EMSE 372. Structural Materials by Design. 4 Units.

Materials selection and design of mechanical and structural elements with respect to static failure, elastic stability, residual stresses, stress concentrations, impact, fatigue, creep, and environmental conditions. Mechanical behavior of engineering materials (metals, polymers, ceramics, composites). Influence of ultrastructural and microstructural aspects of materials on mechanical properties. Mechanical test methods covered. Models of deformation behavior of isotropic and anisotropic materials. Methods to analyze static and fatigue fracture properties. Rational approaches to materials selection for new and existing designs of structures. Failure analysis methods and examples, and the professional ethical responsibility of the engineer. Four mandatory laboratories, with reports. Offered as EMAE 372 and EMSE 372. Prereq: ENGR 200.

EMSE 379. Design for Lifetime Performance. 3 Units.

The roles of processing and properties of a material on its performance, cost, maintenance, degradation and end-of-life treatment. Corrosion and oxidation, hydrogen and transformation-induced degradation mechanisms. Defects from prior processing. New defects generated during use/operation, e.g. generated from radiation, stress, heat etc. Accumulation and growth of defects during use/operation; crack nucleation, propagation, failure. Impact, abrasion, wear, corrosion/oxidation/reduction, stress-corrosion, fatigue, fretting, creep. Evaluation of degradation: Non-destructive versus destructive methods, estimation of remaining lifetime. Mitigation of degradation mechanisms. Statistical tools for assessing a material's lifetime performance. Capstone design project. Prereq: EMSE 372. Coreq: EMSE 319.

EMSE 396. Special Project or Thesis. 1 - 18 Units.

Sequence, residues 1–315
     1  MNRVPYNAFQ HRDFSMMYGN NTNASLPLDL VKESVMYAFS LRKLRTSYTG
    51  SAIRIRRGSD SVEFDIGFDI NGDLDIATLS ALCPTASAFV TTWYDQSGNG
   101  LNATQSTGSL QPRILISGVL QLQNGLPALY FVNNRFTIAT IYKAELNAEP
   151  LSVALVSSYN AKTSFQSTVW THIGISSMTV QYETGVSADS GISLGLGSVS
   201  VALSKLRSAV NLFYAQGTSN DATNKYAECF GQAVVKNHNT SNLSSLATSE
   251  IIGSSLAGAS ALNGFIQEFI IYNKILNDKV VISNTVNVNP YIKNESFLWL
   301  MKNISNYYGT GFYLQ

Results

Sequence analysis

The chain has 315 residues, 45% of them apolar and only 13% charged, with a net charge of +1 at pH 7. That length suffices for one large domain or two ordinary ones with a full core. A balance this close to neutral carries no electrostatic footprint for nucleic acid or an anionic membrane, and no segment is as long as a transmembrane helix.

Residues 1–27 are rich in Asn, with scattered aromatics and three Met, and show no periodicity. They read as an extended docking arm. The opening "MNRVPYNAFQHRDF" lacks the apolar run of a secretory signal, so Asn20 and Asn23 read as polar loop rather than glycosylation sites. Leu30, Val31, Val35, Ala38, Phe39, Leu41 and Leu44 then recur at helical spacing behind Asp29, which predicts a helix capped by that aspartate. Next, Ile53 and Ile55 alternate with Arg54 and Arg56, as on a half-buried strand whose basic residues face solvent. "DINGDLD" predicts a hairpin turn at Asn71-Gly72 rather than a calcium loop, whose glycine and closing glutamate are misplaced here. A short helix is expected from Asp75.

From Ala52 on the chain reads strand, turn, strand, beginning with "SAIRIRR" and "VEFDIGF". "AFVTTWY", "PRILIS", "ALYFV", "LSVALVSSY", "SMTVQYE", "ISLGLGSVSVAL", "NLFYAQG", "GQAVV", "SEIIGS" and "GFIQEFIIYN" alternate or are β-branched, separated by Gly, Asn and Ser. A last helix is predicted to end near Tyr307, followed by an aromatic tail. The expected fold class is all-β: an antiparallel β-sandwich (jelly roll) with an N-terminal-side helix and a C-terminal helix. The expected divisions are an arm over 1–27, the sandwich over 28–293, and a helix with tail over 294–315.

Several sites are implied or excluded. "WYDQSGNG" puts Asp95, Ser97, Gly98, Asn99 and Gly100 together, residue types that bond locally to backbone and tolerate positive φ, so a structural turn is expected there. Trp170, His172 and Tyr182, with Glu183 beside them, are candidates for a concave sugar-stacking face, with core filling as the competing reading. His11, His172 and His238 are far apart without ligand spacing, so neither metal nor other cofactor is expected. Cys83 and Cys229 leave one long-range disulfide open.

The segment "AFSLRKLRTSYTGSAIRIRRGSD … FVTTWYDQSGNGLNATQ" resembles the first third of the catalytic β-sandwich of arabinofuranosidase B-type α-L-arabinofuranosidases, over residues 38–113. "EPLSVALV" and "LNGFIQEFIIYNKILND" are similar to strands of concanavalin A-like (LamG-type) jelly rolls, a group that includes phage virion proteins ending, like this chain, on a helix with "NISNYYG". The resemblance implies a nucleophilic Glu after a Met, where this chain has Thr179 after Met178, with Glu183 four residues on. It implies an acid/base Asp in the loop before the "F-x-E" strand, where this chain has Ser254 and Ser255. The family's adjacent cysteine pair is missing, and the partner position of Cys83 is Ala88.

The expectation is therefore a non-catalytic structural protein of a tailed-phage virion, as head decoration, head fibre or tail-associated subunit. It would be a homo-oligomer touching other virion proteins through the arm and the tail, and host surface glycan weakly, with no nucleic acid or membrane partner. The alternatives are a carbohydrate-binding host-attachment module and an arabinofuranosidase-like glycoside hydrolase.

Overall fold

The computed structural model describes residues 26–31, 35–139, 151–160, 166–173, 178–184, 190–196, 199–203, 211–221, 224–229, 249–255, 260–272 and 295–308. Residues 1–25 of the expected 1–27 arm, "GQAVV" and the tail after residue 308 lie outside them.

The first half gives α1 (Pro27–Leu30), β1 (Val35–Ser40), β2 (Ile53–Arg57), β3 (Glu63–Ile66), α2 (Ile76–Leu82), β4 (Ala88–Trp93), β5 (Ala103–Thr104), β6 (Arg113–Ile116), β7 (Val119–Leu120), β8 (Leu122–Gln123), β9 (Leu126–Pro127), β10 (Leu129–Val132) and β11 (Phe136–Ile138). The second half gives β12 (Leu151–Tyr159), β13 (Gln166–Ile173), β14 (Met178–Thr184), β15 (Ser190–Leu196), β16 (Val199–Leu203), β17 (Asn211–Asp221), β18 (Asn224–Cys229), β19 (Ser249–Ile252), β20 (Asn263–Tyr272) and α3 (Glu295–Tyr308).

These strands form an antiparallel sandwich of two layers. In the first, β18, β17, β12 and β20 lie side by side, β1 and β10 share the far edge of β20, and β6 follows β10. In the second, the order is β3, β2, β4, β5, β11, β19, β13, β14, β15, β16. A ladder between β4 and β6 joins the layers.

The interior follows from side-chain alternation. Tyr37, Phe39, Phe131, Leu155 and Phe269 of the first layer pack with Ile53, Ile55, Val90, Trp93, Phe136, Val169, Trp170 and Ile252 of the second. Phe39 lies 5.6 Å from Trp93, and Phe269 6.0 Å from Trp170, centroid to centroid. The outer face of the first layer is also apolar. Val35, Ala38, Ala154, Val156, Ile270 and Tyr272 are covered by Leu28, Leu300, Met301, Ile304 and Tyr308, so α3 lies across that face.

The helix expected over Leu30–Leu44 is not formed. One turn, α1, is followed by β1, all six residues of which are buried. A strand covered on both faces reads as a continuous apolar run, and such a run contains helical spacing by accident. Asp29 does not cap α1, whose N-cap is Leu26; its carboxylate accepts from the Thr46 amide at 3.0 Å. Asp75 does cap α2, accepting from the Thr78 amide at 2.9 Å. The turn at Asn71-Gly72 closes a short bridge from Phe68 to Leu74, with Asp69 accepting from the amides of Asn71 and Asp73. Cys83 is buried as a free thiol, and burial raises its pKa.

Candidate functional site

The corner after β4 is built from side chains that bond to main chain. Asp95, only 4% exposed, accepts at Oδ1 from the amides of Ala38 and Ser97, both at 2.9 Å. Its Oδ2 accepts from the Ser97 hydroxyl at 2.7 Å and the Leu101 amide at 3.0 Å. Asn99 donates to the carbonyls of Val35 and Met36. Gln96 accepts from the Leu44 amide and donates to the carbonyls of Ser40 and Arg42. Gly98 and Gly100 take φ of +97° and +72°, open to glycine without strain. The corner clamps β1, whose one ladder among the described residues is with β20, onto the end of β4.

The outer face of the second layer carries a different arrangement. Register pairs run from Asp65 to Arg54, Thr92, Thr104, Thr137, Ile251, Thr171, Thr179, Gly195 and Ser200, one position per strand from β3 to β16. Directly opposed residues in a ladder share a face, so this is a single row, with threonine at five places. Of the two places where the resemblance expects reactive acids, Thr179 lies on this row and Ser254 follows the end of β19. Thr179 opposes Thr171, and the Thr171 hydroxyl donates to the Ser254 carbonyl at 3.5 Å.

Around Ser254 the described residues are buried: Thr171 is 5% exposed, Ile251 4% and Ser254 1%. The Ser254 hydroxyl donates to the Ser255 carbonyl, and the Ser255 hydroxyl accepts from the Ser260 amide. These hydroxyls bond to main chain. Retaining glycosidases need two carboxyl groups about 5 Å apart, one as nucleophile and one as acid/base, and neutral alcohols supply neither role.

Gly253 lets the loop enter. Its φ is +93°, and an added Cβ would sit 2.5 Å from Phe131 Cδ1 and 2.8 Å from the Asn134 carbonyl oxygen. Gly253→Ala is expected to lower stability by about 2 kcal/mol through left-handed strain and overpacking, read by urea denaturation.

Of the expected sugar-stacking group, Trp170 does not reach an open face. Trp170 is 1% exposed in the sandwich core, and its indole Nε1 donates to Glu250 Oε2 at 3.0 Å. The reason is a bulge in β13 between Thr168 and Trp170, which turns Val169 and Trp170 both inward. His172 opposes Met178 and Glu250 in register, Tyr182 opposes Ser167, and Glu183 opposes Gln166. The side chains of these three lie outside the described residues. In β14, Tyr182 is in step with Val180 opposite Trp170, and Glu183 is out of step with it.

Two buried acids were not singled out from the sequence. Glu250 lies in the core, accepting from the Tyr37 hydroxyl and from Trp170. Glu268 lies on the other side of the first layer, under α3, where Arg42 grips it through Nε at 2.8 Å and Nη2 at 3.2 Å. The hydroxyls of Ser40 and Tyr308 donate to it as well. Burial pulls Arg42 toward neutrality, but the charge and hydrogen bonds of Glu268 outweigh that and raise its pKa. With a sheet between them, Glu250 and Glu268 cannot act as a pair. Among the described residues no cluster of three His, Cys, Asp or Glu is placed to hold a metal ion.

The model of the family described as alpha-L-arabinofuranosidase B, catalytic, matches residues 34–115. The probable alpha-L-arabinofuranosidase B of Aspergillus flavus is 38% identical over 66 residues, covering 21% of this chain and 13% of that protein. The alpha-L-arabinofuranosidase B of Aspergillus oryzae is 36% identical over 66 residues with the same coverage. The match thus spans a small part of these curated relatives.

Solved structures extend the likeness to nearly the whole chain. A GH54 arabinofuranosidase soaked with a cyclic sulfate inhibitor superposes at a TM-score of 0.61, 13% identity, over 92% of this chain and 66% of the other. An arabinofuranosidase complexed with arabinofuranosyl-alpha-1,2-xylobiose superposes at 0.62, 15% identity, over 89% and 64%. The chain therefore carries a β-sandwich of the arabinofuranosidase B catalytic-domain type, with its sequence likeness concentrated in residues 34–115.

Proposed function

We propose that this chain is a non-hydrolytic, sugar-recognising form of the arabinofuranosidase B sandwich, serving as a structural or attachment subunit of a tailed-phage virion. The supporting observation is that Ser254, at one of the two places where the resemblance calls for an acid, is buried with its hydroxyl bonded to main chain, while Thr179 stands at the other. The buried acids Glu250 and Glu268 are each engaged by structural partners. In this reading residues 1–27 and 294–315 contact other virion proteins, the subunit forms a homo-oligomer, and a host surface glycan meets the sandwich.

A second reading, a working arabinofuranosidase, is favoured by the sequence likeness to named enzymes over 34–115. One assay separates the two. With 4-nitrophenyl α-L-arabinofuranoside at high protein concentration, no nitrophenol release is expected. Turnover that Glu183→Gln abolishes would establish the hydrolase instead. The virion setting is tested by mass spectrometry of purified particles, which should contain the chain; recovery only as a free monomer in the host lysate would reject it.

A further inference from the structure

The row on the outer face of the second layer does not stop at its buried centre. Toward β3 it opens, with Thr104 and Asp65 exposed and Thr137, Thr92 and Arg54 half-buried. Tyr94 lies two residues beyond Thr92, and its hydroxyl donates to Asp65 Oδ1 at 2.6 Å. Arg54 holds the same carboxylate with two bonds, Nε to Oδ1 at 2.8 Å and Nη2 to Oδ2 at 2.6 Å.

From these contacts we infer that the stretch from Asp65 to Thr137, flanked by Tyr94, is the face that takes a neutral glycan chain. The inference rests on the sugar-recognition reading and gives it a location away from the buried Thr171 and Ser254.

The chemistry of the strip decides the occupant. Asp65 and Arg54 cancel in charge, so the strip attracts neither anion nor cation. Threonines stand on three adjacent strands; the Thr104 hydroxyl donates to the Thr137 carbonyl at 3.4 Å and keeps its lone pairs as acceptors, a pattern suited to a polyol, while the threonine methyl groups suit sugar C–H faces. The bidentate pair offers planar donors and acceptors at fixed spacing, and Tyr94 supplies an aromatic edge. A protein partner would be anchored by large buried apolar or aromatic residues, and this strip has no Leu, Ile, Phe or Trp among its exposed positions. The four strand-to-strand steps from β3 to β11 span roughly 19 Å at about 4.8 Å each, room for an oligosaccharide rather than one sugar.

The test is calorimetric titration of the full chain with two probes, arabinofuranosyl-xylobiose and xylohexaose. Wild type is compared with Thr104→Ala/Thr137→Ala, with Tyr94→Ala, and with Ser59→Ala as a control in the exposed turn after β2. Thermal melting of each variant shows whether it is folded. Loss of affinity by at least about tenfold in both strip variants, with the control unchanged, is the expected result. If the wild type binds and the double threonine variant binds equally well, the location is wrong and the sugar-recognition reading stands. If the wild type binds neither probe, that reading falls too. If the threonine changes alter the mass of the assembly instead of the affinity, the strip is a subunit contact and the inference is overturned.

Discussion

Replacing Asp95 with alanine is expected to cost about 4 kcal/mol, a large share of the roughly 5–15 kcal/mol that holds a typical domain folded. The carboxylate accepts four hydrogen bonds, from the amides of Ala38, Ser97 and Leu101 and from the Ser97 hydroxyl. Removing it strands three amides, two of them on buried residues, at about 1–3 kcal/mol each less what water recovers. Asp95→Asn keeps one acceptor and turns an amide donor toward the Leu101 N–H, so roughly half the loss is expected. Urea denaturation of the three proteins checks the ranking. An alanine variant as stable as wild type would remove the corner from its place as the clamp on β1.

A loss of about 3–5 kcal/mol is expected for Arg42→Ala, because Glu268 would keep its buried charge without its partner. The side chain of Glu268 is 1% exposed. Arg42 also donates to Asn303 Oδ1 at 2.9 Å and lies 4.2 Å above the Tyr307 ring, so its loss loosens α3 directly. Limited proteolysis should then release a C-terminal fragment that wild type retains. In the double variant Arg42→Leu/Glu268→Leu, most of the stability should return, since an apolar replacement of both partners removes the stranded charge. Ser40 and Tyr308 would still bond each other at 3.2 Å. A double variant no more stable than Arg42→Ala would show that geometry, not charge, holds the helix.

Special research projects or undergraduate thesis in selected material areas.

EMSE 398. Senior Project in Materials I. 1 Unit.

Independent Research project. Projects selected from those suggested by faculty; usually entail original research. The EMSE 398 and 399 sequence form an approved SAGES capstone. Counts as SAGES Senior Capstone.

EMSE 399. Senior Project in Materials II. 2 Units.

Independent Research project. Projects selected from those suggested by faculty; usually entail original research. Requirements include periodic reporting of progress, plus a final oral presentation and written report. Counts as SAGES Senior Capstone. Prereq: EMSE 398.

EMSE 400T. Graduate Teaching I. 0 Unit.

To provide teaching experience for all Ph.D.-bound graduate students. This will include preparing exams/quizzes, homework, leading recitation sessions, tutoring, providing laboratory assistance, and developing teaching aids that include both web-based and classroom materials. Graduate students will meet with supervising faculty member throughout the semester. Grading is pass/fail. Students must receive three passing grades and up to two assignments may be taken concurrently. Recommended preparation: Ph.D. student in Materials Science and Engineering.

EMSE 408. Welding Metallurgy. 3 Units.

Introduction to arc welding and metallurgy of welding. The course provides a broad overview of different industrial applications requiring welding, the variables controlling critical property requirements of the weld and a survey of the different types of arc welding processes. The course details the fundamental concepts that govern the different aspects of arc welding including the welding arc, weld pool solidification, precipitate formation and solid state phase transformations. Offered as EMSE 308 and EMSE 408.

EMSE 409. Deformation Processing. 3 Units.

Flow stress as a function of material and processing parameters; yielding criteria; stress states in elastic-plastic deformation; forming methods: forging, rolling, extrusion, drawing, stretch forming, composite forming.

EMSE 413. Fundamentals of Materials Engineering and Science. 3 Units.

Provides a background in materials for graduate students with undergraduate majors in other branches of engineering and science: reviews basic bonding relations, structure, and defects in crystals. Lattice dynamics; thermodynamic relations in multi-component systems; microstructural control in metals and ceramics; mechanical and chemical properties of materials as affected by structure; control of properties by techniques involving structure property relations; basic electrical, magnetic and optical properties.

EMSE 414. Electrical, Magnetic, Optical, and Thermal Properties of Materials. 3 Units.